Leading article

Executive's Spad reforms may not go far enough

Editorial

Long before the RHI inquiry, there were concerns over the role and influence of special advisers (Spads) in the Stormont administration.

These are highly paid, unelected political appointees who wield considerable power but without the transparency and accountability the public is entitled to expect of those holding key positions in government.

Another issue is the number of Spads employed at Stormont. For reasons that were never entirely clear, the Northern Ireland Executive had many more special advisers than the devolved governments of Scotland and Wales, at a significantly greater cost to the public purse.

In 2015, TUV leader Jim Allister brought forward a bill aimed at reforming the system, capping wages as well as the number of Spads that could be employed.

The bill was defeated after the DUP and Sinn Féin voted against.

As we know, the inquiry into the Renewable Heat Incentive (RHI) debacle put the role of special advisers under intense scrutiny, exposing a deeply alarming culture that was not entirely focused on the best interests of the Northern Ireland public.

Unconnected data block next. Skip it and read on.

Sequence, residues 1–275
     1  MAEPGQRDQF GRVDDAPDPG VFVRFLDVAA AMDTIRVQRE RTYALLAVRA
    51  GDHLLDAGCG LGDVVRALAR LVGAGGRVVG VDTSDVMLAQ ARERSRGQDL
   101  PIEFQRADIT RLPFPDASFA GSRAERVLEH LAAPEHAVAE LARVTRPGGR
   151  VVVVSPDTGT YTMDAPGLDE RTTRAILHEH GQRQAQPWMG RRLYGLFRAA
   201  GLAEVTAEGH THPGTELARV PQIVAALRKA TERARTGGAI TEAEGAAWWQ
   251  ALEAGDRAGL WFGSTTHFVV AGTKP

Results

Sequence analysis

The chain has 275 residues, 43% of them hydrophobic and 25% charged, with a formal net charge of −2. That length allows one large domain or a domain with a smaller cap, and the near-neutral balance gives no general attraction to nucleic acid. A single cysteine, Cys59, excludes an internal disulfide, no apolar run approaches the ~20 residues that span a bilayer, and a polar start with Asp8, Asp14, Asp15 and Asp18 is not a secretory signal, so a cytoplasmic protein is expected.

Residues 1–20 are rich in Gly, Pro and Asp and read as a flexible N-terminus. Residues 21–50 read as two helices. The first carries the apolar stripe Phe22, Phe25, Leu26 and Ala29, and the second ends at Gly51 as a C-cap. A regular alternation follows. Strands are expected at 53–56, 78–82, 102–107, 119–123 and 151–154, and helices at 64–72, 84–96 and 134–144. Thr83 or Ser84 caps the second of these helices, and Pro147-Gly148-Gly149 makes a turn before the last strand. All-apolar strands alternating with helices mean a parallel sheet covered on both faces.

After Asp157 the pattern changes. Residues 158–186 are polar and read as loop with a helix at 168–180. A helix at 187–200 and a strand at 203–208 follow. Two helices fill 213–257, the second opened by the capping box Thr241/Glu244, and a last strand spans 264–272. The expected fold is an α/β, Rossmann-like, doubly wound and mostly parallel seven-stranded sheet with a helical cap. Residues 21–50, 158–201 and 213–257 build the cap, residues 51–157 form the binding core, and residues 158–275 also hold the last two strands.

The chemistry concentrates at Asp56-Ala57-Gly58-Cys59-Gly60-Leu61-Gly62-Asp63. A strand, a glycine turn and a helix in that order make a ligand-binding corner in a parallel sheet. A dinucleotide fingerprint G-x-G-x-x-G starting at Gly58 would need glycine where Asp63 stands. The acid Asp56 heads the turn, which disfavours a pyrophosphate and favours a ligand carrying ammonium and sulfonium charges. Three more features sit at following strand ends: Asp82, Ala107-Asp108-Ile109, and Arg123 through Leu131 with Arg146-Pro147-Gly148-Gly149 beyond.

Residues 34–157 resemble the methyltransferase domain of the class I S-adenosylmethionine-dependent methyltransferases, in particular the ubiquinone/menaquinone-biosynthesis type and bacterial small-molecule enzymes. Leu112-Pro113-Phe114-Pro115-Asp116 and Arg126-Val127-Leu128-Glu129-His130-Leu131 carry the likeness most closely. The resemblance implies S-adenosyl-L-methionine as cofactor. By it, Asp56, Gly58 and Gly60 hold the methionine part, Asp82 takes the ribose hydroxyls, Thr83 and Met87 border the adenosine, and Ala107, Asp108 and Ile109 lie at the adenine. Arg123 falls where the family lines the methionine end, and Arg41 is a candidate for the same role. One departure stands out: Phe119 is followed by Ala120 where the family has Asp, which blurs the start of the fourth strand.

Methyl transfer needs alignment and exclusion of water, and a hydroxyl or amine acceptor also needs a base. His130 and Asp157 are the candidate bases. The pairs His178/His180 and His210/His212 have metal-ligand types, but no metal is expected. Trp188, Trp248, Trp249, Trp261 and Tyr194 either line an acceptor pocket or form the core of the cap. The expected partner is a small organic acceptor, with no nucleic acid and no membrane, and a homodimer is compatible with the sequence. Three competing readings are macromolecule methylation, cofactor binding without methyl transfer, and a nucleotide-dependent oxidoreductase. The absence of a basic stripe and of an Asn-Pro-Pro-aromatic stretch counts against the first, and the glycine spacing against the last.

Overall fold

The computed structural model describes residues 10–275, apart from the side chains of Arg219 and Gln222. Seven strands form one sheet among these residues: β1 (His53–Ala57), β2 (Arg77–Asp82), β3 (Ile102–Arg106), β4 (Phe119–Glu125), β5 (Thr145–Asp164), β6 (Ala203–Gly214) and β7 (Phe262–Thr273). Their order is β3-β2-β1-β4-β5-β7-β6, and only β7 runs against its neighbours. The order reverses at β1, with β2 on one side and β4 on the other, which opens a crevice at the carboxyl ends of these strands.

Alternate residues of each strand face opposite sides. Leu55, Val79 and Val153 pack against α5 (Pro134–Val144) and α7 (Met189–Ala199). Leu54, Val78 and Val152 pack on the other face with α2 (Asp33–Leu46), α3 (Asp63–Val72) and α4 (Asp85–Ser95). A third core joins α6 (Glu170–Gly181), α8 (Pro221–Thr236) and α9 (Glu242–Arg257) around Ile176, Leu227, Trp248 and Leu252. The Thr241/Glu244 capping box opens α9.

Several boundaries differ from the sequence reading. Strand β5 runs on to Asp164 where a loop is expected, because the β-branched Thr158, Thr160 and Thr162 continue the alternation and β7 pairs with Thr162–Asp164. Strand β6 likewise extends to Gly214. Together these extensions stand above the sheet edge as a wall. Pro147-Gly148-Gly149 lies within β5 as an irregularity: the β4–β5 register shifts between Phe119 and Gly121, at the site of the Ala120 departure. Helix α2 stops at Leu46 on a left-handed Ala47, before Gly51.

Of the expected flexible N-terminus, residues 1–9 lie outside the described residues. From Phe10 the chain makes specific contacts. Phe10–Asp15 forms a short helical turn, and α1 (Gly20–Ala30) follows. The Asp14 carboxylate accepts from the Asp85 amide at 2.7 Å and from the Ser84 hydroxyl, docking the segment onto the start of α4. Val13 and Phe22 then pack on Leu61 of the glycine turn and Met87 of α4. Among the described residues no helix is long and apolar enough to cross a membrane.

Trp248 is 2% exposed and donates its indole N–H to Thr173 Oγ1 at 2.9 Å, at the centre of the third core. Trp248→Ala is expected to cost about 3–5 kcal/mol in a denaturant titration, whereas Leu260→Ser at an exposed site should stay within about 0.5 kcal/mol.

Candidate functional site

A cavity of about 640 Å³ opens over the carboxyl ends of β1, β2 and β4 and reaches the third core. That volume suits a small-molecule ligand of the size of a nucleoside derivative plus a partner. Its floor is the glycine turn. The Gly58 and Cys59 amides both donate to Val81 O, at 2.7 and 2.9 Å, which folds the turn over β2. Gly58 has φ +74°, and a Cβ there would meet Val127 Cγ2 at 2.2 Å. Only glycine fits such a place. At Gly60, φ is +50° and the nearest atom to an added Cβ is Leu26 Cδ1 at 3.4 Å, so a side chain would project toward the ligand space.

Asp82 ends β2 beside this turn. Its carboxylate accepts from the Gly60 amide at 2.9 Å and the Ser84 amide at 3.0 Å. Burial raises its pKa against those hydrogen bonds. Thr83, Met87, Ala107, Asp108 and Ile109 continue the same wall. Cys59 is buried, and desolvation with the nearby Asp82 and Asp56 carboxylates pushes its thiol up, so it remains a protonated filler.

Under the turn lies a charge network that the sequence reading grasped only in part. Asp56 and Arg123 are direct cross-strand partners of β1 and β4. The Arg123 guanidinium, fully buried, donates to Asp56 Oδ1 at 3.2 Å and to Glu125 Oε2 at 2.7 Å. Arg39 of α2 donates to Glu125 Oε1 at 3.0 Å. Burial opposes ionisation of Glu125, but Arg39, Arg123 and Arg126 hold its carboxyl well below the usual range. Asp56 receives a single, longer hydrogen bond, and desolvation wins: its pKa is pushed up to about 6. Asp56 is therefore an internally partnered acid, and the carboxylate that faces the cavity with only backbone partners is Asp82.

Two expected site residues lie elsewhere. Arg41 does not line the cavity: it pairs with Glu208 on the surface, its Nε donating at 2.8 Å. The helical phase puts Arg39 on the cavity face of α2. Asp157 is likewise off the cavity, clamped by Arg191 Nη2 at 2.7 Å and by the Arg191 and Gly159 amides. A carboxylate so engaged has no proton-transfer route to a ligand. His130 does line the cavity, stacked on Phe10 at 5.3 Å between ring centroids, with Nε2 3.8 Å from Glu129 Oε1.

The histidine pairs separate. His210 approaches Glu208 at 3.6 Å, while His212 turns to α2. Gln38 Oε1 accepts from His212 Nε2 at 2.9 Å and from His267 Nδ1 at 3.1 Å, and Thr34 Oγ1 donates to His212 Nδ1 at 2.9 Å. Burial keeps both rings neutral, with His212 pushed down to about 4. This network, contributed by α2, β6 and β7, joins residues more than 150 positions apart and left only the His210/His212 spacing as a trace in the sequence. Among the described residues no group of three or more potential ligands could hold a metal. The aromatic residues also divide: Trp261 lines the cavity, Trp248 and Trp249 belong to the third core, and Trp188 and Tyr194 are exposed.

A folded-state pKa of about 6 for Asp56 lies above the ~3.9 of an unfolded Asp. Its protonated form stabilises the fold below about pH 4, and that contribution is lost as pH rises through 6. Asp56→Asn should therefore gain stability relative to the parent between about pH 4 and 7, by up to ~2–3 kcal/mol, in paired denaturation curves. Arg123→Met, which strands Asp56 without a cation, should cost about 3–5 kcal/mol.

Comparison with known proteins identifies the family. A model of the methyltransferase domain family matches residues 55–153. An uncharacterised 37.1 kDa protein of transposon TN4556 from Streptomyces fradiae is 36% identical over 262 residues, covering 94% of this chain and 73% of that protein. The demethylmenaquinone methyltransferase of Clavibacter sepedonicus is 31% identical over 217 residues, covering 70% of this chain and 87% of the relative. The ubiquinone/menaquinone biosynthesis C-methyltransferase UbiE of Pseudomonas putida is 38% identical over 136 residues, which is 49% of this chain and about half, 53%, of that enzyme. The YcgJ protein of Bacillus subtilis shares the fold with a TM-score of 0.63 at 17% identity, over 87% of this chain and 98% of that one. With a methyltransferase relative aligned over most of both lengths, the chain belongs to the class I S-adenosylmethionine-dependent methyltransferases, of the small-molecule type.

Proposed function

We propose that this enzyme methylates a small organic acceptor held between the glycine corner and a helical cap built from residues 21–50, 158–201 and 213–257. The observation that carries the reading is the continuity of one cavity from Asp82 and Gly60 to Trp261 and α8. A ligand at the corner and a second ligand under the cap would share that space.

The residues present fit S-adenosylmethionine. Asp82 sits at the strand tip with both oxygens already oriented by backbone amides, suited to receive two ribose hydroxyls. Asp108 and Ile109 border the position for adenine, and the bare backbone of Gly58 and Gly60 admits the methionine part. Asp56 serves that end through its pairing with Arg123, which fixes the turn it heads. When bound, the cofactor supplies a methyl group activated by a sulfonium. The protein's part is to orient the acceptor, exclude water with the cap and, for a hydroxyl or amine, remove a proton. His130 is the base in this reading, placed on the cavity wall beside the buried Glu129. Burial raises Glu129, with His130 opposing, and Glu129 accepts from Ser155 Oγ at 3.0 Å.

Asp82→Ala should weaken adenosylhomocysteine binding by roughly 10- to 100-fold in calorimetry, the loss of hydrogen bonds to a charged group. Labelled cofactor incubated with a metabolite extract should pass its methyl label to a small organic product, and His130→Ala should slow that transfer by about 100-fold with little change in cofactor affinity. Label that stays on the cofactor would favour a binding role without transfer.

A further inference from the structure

We await the outcome of Judge Patrick Coghlin's deliberations, which may be published next month, but in the meantime the newly restored administration has moved to produce an updated code of conduct for special advisers.

 

Under the new code, unveiled by finance minister Conor Murphy, the maximum salary has been capped at £85,000, down from the previous £91,000.

It also makes it clear that ministers are responsible for the appointment, conduct and discipline of their special advisers.

Other measures include the requirement for Spads to declare gifts and outside meetings, to keep good records, use official email accounts and serve the executive as a whole, as well as their appointing minister.

Some of these steps are so obvious it raises the question why were they not already being fully observed.

Mr Murphy insists that Spads are a 'critical part of the team supporting ministers' but it is far from clear why we have so many special advisers and how this high cost to the taxpayer can be justified in times of severe financial pressure.

Reform is absolutely necessary and long overdue but this code may not go far enough and indeed may be overtaken by an RHI report demanding even more stringent safeguards.

 

 

 

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Leading article